pressure signs in handloaded ammunition
This gross overload was a mistake that blew the primer out. Don’t go there!

Pressure signs: four simple, reliable warnings to look for

Every new reloader is warned, “When the pressure signs become apparent, stop loading right there.” Yes, but what are pressure signs? 

If you hunt the internet, you’ll find dozens of pressure signs, from the practical to the impractical. The question is, what works easily and what does not?

pressure signs in handloaded ammunition
Left to right, top then bottom: Note the increasing priming flattening with extra powder in each progressive load

Here are some simple, practical and dependable ways to detected excessive pressure in a handloaded cartridge, based on my experience of reloading for more than 40 years.

The following applies only to rifle primers that have the same thickness; small rifle primers differ. 

I normally develop a load using Federal 210 primers, because I have found Federals to be the softest, followed by Winchester, Remington and CCI, which are the hardest. 

Using the Federals, I watch carefully for pressure signs in the form of edge flattening. 

As soon as it becomes noticeable, I shoot the same load again with a harder primer. If no flattening is evident, this becomes the maximum, although it may not necessarily be the most accurate. 

It is claimed with some validity that primer flattening is, by itself, an inexact indication of excess pressure; however, it is an indication that cannot be ignored.

Another indicator of excessive pressure may occur at the same time.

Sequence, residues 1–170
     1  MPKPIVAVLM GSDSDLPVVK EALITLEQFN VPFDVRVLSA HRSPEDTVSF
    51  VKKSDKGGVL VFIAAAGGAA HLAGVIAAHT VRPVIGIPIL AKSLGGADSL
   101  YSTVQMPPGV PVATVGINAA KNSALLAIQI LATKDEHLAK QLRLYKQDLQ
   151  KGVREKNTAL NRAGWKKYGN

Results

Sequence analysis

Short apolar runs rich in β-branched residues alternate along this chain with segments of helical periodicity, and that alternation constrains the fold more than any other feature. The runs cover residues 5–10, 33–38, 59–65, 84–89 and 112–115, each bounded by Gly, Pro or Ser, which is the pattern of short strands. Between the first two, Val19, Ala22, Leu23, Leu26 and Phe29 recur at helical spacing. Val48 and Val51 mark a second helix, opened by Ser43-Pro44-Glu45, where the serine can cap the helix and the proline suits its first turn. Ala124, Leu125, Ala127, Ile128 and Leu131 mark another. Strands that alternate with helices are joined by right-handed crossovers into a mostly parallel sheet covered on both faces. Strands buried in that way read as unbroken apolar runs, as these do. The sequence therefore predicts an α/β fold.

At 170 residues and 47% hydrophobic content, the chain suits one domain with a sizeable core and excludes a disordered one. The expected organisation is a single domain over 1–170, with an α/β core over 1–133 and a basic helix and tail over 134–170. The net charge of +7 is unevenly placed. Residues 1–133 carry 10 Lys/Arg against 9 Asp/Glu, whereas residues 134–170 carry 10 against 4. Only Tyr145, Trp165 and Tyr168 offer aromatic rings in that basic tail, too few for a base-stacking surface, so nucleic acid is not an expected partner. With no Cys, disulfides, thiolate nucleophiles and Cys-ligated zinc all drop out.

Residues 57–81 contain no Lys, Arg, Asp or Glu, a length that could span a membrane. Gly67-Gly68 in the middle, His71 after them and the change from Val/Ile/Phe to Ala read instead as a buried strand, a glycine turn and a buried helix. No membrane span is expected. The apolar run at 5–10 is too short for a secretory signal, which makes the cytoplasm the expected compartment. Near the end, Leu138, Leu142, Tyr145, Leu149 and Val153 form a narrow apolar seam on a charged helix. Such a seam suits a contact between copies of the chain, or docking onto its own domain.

Next on my list are ejector marks on the head of the case. I have only had this occur on a couple of occasions. One was simply an overload. I never found out why the second occurred.

Reloading pressure signs
Note the extractor marks on both cases — time to stop

The third sign I look for is stiff extraction. In bad cases, the bolt can be lifted but it is impossible to extract the case; this is a serious overload. 

What occurs in this case is that the pressure forces the case into the walls of the rifle’s chamber, and that’s where it stays; there is no “spring back” as the elastic limits of the brass are exceeded.

If this happens, the cartridge case is completely ruined and only fit for the scrap heap. 

pressure signs in handloaded ammunition
Standard primer on the left; time to stop on the right

The only way to extract the ruined case is to gently tap the bolt head with a piece of wood until it breaks free. Be smart and don’t go there in the first place.

Finally, in extreme cases, you will end up with a blown-out primer. I have had two in 40 years of reloading; two too many. 

As a result, I changed my reloading practises to prevent it from happening again.




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Ron James